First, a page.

From New Delhi, India:
What are the symptoms of gastroparesis? I have had type 1 diabetes for more than 45 years. It seems I had gastroparesis (could not empty the stomach easily), but was prescribed tablets and the problem settled down. Now, I do not take any medication for the stomach, but get a feeling the problem is recurring. How can I be sure I need medication? If one has gastroparesis, does it interfere with the diabetes control?
Gastroparesis will very much interfere with blood sugar control. The symptoms include prolonged fullness after meals. This occurs in association with vomiting up meal remnants from meals taken many hours earlier. You can have abdominal cramping, bloating, nausea, and blood sugars that go low immediately after meals because the food is being held up in the stomach and not let down into the intestine where the absorption takes place. Then, there is a high sugar hours later when it eventually gets emptied. The emptying can vary greatly from day to day such that it is difficult to predict the response. Medications are available that can induce an increase in motility to help with symptoms. However, they tend to work up front but, then, their effects tend to wane and the benefit may go away. It is a chronic disorder that can lead to poor blood sugar control, increased symptoms, and problems within the stomach. The stomach problems include the retention of food or fiber that may cause irritation of the lining of the stomach. There are tests to determine the presence of disordered motility. In the U.S., most nuclear medicine services can perform a gastric emptying study that allows ingestion of trace amounts of nuclear material and follow it through the gastrointestinal tract with normal ranges provided for time. It can be a very difficult problem to treat. There is new drug testing for the disorder, in addition to testing pacemakers for gastric motility.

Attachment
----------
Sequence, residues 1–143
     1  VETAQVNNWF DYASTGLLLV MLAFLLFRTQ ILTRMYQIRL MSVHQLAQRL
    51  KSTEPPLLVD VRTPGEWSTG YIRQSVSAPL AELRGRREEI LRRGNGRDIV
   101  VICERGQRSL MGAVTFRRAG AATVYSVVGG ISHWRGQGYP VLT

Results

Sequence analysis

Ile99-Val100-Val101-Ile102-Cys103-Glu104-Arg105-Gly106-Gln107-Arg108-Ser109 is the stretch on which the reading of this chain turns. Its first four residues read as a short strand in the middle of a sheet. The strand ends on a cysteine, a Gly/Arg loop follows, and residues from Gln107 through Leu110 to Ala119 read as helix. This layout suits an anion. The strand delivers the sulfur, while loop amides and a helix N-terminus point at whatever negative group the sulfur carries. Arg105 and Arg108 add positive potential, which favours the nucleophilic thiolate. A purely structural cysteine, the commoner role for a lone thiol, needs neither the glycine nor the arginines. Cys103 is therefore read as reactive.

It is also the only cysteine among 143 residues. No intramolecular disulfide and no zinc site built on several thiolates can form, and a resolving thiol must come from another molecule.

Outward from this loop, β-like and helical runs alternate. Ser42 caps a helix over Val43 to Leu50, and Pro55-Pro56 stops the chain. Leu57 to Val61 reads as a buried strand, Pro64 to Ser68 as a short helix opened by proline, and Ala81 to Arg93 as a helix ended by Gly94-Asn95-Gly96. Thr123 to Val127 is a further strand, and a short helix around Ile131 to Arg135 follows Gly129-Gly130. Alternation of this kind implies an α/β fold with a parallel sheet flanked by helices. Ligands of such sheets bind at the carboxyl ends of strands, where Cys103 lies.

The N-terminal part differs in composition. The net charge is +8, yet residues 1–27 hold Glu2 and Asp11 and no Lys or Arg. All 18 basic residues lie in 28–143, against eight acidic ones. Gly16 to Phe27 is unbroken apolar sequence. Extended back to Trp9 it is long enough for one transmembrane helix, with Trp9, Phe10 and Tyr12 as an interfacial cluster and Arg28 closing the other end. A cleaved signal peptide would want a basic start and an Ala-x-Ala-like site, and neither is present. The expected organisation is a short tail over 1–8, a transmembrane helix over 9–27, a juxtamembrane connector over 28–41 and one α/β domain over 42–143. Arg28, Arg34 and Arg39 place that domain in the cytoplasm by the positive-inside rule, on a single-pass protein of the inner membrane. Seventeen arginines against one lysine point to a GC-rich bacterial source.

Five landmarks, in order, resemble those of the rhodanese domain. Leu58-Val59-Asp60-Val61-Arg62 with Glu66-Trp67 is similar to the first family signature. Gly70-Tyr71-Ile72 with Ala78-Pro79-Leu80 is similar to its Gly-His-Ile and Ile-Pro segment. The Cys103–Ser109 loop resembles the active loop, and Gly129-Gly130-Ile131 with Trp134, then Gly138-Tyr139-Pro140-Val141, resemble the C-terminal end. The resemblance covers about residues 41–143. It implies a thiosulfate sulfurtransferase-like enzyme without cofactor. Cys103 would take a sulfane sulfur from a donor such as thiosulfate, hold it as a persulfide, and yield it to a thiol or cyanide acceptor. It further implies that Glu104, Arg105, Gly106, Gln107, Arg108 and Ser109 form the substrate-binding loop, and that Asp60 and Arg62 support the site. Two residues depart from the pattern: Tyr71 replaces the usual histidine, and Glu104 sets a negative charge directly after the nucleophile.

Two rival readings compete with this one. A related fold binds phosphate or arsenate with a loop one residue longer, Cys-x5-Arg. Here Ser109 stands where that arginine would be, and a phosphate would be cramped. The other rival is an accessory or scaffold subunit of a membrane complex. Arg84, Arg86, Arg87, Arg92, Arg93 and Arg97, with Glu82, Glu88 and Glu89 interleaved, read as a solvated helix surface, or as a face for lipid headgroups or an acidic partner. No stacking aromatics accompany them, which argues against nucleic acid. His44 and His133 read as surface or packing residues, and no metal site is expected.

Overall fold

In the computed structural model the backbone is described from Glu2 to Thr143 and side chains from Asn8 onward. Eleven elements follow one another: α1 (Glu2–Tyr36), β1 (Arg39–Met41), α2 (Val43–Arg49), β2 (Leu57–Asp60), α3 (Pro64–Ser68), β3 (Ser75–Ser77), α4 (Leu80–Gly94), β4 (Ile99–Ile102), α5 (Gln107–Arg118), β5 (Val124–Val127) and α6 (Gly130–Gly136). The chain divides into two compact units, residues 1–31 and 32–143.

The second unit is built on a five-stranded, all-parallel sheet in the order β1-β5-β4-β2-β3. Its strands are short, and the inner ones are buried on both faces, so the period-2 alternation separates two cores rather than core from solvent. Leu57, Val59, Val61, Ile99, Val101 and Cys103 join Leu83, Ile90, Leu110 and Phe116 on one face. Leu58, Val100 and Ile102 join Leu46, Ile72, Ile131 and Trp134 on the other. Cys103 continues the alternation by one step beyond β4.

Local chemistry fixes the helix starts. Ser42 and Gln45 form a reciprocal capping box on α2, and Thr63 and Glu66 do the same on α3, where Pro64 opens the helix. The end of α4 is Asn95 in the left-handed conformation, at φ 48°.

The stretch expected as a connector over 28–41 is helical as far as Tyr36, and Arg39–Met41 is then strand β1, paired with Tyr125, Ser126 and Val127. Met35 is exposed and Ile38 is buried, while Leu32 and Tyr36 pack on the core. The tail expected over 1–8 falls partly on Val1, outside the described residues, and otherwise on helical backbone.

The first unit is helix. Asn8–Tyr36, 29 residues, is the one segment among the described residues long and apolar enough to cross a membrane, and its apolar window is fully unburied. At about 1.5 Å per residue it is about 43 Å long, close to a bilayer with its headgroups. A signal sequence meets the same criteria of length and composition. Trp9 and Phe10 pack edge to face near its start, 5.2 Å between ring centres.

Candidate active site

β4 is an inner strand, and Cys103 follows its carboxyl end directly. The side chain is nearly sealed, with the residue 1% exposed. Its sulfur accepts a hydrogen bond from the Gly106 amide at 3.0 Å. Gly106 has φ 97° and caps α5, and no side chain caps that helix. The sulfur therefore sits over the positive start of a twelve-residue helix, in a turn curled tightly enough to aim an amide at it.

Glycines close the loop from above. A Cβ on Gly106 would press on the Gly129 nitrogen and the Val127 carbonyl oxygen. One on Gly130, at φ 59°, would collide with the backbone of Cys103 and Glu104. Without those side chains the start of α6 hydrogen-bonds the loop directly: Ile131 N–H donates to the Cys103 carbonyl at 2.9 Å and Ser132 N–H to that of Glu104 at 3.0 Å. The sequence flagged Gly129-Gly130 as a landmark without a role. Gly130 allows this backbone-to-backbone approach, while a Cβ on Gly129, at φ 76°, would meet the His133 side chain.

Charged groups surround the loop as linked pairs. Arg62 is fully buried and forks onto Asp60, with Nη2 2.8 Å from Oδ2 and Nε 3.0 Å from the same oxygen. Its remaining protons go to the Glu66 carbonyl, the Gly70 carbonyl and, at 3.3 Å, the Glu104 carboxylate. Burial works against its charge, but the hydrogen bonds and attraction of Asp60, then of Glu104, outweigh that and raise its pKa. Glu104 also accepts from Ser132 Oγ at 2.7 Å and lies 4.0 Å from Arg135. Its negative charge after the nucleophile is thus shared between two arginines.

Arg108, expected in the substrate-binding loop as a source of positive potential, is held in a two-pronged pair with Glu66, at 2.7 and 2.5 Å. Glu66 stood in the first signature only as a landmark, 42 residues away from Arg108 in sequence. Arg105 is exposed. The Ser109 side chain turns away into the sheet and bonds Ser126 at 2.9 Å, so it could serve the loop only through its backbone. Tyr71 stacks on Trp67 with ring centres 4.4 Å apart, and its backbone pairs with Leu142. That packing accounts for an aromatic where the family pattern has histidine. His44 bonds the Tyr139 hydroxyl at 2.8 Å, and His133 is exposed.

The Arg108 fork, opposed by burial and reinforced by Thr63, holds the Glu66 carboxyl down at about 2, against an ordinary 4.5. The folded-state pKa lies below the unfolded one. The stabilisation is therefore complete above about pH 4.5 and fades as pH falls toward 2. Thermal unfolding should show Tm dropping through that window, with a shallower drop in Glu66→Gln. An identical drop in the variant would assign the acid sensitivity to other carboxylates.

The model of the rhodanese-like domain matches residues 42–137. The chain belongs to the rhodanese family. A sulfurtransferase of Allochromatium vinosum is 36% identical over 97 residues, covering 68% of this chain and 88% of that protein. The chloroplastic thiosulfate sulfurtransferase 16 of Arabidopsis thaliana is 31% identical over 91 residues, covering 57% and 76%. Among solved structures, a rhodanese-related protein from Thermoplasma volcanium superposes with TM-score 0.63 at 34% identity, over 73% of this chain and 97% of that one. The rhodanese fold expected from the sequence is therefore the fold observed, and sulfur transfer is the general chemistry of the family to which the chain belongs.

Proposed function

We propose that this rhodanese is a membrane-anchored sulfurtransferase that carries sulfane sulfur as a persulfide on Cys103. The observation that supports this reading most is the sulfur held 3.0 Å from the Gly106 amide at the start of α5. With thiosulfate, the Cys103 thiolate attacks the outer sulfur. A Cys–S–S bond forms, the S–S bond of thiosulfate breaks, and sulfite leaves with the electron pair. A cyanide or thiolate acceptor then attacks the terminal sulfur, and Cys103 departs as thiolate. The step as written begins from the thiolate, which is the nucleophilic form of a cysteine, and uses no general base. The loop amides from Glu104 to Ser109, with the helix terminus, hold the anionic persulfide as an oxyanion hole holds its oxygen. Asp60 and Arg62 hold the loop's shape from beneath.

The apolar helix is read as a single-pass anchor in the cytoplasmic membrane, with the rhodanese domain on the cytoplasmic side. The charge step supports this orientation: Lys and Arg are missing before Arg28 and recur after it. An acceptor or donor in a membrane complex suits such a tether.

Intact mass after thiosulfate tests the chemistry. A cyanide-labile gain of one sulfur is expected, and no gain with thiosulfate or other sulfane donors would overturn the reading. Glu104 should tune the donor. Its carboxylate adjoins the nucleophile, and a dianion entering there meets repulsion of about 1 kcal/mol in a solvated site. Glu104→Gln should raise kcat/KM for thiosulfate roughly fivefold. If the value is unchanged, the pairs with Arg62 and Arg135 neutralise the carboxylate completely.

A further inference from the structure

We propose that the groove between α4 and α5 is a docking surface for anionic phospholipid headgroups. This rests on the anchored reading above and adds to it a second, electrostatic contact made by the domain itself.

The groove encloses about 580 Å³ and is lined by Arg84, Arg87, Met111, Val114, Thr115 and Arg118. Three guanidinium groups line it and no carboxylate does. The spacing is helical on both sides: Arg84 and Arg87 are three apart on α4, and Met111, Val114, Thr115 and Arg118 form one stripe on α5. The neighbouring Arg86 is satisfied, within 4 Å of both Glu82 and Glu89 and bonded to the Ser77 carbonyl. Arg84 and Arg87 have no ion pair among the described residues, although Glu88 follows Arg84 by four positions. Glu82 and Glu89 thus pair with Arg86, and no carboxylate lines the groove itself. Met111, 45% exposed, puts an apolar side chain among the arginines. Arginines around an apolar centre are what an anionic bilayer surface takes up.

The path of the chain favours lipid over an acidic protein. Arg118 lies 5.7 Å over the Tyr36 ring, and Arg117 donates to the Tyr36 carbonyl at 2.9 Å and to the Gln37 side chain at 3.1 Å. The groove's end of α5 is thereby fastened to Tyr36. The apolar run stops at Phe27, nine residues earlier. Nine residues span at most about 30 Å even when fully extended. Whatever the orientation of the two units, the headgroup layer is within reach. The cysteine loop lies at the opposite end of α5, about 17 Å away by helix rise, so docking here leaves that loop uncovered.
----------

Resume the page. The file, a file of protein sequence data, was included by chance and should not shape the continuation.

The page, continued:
Original posting 23 Oct 2006
Posted to Complications
Last Updated: Tuesday April 06, 2010 15:10:10
This Internet site provides information of a general nature and is designed for educational purposes only. If you have any concerns about your own health or the health of your child, you should always consult with a physician or other health care professional.
This site is published by T-1 Today, Inc. (d/b/a Children with Diabetes), a 501c3 not-for-profit organization, which is responsible for its contents. Our mission is to provide education and support to families living with type 1 diabetes.
© Children with Diabetes, Inc. 1995-2016. Comments and Feedback.